Can you hear the “reputation” theme continuing there? If you get a reputation for loving one another, then people will recognise that you must be followers of Jesus because of the reputation that Jesus has for loving others. And in turn, Jesus’s reputation for loving reflects on God and shows God to be one who similarly loves, absolutely and no matter what. So what is it about this moment that makes this the moment when Jesus’s reputation is made? Well, this is the moment when Jesus had a real choice. Jesus was in a hidden room with at least eleven strong men on his side. This was the moment when he could have saved his own skin by outing Judas and letting the inevitable anger of the mob run its course. Judas could have easily been killed or maimed, and Jesus would have been free to escape the city. That option is not really there once he has been arrested and placed under Roman guard unless he were to call down an army of angels, but here in this hidden upstairs room, he has a choice: love or force, mercy or retribution. And in this moment, Jesus’s reputation for extending unshakable love and mercy even to those who are bent on destroying him is made. In another news story this week, I read of a violent young man who had the words “Retaliation is a must” tattooed on his back. And while maintaining that he was a very nice bloke, he said that “if someone comes and hits my mum, of course I’m going to go shoot the bloke.” “Retaliation is a must.” Not according to Jesus it’s not. Some other things that Jesus said about no one having greater love than the love that lays down its life for others will be quoted and distorted repeatedly in tomorrow’s Anzac Day commemorations to imply that the greatest love is to put one’s own life on the line in trying to destroy those who would harm us, but Jesus will have none of that. Jesus’s love and mercy for all are unshakable, even if we turn on him and betray him. He goes on to say, “Those you gave me, Father, I have loved, even to the end.” And thus is his reputation made. Thus is he glorified as he is betrayed, lynched, and strung up to die, still praying for God’s forgiveness for those who are nailing his flesh to the woodwork. “Those you gave me, Father, I have loved, even to the end.”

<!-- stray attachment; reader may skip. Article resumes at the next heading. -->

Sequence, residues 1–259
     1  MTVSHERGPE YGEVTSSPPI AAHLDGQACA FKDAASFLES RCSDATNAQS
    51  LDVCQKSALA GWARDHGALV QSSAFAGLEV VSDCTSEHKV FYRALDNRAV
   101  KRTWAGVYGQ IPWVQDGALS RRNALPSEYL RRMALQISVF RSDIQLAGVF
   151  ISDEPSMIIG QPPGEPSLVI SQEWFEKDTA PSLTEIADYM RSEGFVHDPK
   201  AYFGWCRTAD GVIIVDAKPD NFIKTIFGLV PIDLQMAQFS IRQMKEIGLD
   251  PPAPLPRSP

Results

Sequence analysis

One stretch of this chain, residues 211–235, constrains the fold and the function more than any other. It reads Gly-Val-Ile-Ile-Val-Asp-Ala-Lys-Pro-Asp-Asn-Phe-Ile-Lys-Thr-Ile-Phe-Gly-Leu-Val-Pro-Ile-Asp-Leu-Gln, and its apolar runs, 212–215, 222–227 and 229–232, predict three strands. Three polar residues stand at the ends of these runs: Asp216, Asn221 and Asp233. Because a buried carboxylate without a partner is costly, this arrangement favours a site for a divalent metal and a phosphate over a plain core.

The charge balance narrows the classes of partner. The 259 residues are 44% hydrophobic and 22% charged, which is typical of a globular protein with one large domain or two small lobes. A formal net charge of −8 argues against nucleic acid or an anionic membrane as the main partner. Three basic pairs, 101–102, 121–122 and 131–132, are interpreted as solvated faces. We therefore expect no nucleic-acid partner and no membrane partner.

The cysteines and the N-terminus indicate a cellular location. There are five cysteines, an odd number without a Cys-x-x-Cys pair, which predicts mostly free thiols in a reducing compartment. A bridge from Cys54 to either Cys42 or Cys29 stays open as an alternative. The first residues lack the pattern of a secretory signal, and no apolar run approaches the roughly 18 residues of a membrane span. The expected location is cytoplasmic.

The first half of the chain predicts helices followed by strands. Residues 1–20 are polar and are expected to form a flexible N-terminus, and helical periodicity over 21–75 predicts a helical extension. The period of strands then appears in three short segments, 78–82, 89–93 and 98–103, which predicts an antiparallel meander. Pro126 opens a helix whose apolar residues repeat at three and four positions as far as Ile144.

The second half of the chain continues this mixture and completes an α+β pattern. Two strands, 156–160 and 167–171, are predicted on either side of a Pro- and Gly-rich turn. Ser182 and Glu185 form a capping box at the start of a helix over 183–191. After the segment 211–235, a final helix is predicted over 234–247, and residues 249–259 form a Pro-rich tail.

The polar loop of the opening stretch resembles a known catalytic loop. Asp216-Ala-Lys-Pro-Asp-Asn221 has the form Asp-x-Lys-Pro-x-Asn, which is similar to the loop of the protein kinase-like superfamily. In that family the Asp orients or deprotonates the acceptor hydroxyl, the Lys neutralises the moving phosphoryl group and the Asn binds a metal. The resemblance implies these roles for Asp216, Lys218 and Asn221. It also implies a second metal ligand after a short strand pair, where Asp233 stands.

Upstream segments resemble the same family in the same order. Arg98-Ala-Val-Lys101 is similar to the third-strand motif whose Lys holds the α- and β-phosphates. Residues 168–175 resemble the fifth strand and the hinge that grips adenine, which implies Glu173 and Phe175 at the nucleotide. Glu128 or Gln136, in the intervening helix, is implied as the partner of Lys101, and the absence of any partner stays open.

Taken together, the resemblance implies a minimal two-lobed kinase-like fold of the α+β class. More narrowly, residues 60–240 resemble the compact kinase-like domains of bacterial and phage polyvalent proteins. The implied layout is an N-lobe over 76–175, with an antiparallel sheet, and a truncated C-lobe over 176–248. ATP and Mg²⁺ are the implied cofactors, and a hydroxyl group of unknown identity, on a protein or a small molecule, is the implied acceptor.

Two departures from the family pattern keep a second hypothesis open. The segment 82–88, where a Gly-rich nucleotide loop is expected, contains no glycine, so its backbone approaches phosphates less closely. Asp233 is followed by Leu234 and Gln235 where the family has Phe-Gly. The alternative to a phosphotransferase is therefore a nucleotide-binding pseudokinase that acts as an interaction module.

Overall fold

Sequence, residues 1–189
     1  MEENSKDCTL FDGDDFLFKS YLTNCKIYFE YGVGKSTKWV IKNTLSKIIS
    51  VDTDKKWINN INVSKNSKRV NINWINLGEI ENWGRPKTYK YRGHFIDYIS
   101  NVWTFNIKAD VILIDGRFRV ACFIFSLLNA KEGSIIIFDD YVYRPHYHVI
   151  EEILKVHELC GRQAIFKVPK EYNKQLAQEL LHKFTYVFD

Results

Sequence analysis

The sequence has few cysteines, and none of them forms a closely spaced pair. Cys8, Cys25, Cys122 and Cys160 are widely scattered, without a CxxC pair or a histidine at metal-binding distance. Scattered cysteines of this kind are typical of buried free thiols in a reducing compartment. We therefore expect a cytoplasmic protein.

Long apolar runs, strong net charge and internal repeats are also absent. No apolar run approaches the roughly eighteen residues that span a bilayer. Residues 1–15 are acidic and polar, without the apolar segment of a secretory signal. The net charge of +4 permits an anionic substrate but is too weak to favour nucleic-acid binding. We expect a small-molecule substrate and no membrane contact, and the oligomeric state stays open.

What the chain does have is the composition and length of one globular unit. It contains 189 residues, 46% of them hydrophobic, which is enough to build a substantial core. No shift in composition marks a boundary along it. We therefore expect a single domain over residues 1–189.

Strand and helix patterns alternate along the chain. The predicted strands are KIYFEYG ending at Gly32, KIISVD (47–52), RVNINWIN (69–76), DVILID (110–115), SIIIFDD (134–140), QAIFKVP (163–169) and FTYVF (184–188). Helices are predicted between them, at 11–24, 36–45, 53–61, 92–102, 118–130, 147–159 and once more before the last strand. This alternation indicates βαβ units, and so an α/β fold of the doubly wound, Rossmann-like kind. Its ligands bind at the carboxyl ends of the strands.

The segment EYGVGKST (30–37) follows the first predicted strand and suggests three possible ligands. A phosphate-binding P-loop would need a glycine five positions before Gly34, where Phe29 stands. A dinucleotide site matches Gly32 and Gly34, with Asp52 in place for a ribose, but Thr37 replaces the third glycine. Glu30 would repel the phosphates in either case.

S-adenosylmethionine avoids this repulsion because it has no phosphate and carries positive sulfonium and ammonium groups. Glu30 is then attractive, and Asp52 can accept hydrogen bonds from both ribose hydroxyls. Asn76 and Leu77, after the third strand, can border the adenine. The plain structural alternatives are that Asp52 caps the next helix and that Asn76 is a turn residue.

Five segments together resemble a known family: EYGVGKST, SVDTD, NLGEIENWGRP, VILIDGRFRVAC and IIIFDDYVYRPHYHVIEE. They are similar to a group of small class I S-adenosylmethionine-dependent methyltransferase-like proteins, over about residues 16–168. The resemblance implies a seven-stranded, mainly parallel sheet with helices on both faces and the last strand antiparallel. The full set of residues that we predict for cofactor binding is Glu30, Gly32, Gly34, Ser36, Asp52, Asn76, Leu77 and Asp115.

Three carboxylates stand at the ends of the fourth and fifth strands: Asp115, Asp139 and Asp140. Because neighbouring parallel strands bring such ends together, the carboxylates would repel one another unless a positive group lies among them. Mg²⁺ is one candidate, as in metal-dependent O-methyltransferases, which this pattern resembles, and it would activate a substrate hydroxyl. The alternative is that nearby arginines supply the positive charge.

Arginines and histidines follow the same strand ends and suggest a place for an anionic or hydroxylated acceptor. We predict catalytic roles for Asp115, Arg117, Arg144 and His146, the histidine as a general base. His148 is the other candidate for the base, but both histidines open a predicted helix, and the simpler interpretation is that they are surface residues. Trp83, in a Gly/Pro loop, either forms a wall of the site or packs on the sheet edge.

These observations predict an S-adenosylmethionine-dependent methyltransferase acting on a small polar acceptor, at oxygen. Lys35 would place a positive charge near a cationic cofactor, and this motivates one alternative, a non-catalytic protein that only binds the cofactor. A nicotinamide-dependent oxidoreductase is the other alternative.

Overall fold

Now there is an interesting question raised by the fact that it was the moment when Judas cracked and betrayed him that prompted him to tell us “Just as I have loved you, you also should love one another.” What about Judas? For the most part, we have spent the last two thousand years continuing to glare accusingly at Judas; continuing to shame him and shun him and drive him to the point of self-destruction. But is that how Jesus would treat Judas and how he would have us treat Judas? Surely not. Surely if Jesus chooses this moment to tell us that we should love others as he has loved us, then the love and mercy he showed to Judas even to the end are in fact the model of love that he is calling us to follow now.